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Wednesday, March 26, 2008


"Equality of rights under the law shall not be denied or abridged by the United States or by any state on account of sex."

The Equal Rights Amendment was passed by the House and Senate on March 22, 1972. As with previous amendments, Congress placed a seven year deadline on the ratification process, which meant that thirty-eight states – three quarters of the union – had to approve it before it became law. In 1979, when the deadline was reached, it was still three states short. Bowing to pressure from special interest groups like NOW (the National Organization for Women), Congress extended the ratification period for another three years. But none of the remaining States ratified it in the allotted time and the ERA finally died in 1982.

The bill has been reintroduced at every Congressional session since then, and has been defeated every time. Why? Gloria Steinem blames Ronald Reagan and the Republican Party who, for twelve years, controlled both houses of Congress. Sadly, this so-called leader of the women’s movement is as anal retentive as the candidate she supports, Hillary Clinton. She’s going to have it her way even if that means shoving it down the throats of the women whose rights she's supposedly defending. People like her are the very reason why the women’s movement has slowed to a virtual stop. They seem to think they’re the “enlightened ones” and that the rest of us dummies should just follow along blindly. Well let me join tosca_puccini in saying that Gloria Steinem can stuff it.

Let’s take a closer look at the ERA, shall we? “Equality of rights under the law?” What rights are those? I don’t know of any State or Federal law that extends rights or privileges exclusively to men. The problem is not that we have no rights. The problem is that the laws which are meant to protect them are not enforced. Equal pay for equal work, for example. The Civil Rights Act covers that, and the EEOC (Equal Employment Opportunity Commission) was established to enforce it. Yet, today, the average woman is paid less than her male counterparts. So what exactly is the purpose of another law that merely reiterates what has already been established? The answer to that lies in the words “on account of sex.”

Leaders of the so-called women’s movement have long been allied with the gay rights movement. There’s nothing wrong with supporting another minority in their struggle to achieve justice. But since when is homosexuality a women’s issue? The last time I checked homosexuals comprised about ten percent of the population. Not all of them are women, but even if they were they would still only represent a small fraction of the female population. Yet it seems that these few will be the sole benefactors of the ERA while the rest of us languish in the patriarchal power structure of corporate America. If the ERA should be ratified it would mean that same-sex marriages could not be denied by any State authority since these rights could not be “abridged on account of sex.” But what does it do to increase my salary?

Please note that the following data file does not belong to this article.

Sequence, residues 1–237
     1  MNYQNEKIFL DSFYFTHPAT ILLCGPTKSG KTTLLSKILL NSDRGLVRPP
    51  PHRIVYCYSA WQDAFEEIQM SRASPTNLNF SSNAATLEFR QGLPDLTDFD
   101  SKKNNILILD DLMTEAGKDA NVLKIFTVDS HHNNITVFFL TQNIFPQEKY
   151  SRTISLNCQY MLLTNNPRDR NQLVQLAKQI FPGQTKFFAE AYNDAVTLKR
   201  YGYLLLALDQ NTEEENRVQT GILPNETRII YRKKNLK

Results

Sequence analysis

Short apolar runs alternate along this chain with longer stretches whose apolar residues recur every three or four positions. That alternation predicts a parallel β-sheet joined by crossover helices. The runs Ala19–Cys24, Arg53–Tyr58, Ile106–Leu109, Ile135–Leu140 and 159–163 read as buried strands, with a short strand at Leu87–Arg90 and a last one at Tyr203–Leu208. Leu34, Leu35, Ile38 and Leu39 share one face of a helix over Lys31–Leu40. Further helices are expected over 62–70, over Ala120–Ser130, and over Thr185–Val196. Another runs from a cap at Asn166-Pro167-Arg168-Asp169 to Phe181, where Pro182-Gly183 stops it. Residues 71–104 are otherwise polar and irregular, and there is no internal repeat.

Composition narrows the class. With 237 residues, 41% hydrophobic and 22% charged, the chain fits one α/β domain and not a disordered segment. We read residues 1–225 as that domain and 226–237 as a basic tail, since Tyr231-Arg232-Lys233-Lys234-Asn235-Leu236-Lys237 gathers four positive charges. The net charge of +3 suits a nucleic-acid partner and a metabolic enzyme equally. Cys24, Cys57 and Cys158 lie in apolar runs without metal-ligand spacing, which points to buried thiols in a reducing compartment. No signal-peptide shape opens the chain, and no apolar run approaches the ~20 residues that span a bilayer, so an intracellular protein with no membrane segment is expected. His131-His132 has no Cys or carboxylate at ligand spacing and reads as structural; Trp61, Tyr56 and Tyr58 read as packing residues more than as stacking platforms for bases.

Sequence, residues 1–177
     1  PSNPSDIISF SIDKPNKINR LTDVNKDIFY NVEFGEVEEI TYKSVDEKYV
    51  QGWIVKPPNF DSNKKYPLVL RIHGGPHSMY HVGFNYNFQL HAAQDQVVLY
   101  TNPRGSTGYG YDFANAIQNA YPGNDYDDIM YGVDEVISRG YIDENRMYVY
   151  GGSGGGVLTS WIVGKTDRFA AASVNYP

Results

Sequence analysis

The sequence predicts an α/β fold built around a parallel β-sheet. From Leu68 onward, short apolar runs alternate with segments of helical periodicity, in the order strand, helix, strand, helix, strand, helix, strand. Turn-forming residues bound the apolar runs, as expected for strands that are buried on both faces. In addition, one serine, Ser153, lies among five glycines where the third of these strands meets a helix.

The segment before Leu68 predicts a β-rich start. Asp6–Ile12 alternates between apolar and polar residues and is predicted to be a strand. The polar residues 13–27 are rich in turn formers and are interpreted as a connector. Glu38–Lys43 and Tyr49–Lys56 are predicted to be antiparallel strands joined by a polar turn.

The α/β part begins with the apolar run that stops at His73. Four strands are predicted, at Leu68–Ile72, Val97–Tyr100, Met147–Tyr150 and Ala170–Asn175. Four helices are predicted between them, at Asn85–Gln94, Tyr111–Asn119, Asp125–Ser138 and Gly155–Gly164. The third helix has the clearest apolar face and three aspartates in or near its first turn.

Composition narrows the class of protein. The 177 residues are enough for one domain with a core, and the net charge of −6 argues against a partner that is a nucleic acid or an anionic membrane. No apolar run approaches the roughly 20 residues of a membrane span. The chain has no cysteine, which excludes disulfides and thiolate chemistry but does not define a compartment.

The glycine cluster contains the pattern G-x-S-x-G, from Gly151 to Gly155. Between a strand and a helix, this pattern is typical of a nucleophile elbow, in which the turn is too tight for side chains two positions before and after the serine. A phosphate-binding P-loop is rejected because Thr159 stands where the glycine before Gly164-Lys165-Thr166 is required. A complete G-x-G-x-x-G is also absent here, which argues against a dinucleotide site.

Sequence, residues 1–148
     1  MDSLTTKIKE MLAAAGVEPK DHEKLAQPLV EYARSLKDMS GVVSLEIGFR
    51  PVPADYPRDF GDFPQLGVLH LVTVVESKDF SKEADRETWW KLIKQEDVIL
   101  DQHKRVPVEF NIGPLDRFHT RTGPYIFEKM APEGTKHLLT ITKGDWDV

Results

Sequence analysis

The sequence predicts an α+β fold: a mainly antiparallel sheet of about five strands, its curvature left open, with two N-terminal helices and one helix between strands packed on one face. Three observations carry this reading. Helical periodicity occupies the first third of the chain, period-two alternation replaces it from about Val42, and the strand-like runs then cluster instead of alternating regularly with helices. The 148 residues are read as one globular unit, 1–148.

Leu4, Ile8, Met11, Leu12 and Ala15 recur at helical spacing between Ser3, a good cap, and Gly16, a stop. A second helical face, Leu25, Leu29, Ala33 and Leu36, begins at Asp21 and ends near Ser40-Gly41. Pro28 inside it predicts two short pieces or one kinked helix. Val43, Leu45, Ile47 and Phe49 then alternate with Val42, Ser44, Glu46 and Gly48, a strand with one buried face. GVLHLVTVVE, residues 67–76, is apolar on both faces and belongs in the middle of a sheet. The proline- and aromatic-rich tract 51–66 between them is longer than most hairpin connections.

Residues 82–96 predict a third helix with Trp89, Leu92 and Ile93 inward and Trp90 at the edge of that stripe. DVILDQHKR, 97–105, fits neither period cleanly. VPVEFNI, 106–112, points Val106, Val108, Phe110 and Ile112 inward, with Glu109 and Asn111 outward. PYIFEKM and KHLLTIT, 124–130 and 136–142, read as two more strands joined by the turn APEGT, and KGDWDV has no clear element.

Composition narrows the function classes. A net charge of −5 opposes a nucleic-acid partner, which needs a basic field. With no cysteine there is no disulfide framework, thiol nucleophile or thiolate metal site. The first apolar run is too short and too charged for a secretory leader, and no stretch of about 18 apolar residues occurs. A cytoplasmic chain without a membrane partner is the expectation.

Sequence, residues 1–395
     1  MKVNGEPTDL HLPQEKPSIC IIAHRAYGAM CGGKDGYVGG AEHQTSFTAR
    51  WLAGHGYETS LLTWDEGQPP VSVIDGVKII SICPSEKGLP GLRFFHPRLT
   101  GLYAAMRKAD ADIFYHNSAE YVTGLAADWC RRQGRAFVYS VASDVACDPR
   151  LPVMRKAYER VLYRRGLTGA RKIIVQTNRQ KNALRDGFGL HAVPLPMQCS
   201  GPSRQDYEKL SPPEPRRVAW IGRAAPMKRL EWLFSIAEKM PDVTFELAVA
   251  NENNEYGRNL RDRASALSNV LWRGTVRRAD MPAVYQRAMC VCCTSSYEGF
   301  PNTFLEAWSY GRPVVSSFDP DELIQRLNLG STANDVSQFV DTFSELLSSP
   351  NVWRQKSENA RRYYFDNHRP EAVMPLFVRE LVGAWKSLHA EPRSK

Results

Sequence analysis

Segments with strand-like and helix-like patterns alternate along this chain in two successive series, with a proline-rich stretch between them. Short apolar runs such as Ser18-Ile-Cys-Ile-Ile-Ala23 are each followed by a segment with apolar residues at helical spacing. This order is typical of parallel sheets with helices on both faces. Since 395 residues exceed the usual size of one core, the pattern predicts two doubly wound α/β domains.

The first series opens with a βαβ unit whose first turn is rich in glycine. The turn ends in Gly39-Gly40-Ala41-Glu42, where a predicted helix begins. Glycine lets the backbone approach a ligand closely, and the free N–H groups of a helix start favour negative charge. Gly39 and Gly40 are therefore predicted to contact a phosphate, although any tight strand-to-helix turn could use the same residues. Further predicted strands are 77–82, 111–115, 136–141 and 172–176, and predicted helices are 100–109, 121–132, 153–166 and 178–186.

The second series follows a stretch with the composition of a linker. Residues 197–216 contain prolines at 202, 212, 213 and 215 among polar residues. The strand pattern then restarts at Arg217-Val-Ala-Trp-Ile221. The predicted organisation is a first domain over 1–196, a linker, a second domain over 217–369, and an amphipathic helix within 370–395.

Now let’s look at the military, a major point of contention in the late seventies and early eighties when the ERA was being debated in the public forum, and the very reason why most women back then weren’t behind it. Under this law there would be no way to discriminate “on account of sex.” Therefore, women could be drafted and sent into combat. Now, I haven’t done a statistical study on this issue. But I’m willing to bet that most women today don’t want to be drafted into the infantry. And the way things are going there’s a good possibility that there will be a draft sometime in the near future. Leaving our children in daycare centers during their formative years is hard enough. We don’t want to leave them to fight a war for the interests of big business.

What does all this have to do with what's happening now? Well just take a look at where Hillary Clinton stands on the ERA. And, while you're at it, take a look at what she did or, should I say, didn't do to address the plight of female blue-collar workers while on the Board at Walmart -- an organization that's been cited time and again for their discriminatory practices against women. Nuff said?


Tosca said...

Thank you Carmen! Excellent as usual!

As I read that I began to wonder if Hillary would let Chelsea go to war. The draft of women would likely have a loop-hole for the daughters of the elite. As far as I'm concerned, they can STUFF IT!

AUNTY KATE said...

We seem to have a love-in going here between bloggers Carmen and Tosca, who in their wish to paint Hillary Clinton in a bad light, and she does not need any help to do that, they present information that leaves one gob smacked at the ignorance.

Carmen said:

"Leaders of the so-called women’s movement have long been allied with the gay rights movement. There’s nothing wrong with supporting another minority in their struggle to achieve justice. But since when is homosexuality a women’s issue? The last time I checked homosexuals comprised about ten percent of the population."

Ehhh Carms....10% of the population of the USA is around 3 million people, most of whom are tax payers just like you. And what has homosexuality got to do with women's movements? Well here's a hint. Every homosexual person has a mother somewhere who loves them and will use every platform possible to get equal rights for their sons and daughters. One can't separate the fight for women's rights from the fight for gay and lesbian rights.

In your desire to show Hillary Clinton as a heartless, conniving, self serving woman, you disparage a larger group of women to whom Clinton and every woman in your country owe a debt.